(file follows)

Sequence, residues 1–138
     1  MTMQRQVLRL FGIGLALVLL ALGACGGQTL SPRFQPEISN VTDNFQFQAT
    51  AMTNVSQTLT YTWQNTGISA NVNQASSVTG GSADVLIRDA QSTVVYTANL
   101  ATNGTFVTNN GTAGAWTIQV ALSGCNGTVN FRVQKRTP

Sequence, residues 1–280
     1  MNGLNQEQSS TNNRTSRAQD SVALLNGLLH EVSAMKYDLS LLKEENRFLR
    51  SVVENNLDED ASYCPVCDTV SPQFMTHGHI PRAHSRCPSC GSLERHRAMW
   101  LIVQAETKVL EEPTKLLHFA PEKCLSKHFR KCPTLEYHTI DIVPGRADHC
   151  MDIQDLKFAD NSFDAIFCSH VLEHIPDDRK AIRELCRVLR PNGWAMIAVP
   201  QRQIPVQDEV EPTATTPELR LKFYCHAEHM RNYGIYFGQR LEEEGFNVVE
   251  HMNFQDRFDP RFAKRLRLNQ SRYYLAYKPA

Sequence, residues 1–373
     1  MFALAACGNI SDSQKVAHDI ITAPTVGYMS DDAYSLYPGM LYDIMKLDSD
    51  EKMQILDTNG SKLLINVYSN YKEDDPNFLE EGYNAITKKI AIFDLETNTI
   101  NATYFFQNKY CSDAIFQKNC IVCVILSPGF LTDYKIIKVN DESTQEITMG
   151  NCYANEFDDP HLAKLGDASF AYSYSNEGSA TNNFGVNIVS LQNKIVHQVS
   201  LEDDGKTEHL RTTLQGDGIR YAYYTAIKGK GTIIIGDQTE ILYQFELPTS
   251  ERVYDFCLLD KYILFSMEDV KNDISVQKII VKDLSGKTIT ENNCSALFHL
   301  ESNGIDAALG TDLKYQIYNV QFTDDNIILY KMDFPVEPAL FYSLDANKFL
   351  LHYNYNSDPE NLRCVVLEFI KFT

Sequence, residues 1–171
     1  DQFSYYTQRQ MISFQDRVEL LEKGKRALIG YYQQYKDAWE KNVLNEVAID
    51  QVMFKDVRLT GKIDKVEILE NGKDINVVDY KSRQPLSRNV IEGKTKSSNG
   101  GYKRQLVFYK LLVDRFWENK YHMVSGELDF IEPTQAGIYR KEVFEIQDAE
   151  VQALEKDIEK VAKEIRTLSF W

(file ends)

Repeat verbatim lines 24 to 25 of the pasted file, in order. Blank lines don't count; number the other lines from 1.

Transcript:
   101  GYKRQLVFYK LLVDRFWENK YHMVSGELDF IEPTQAGIYR KEVFEIQDAE
   151  VQALEKDIEK VAKEIRTLSF W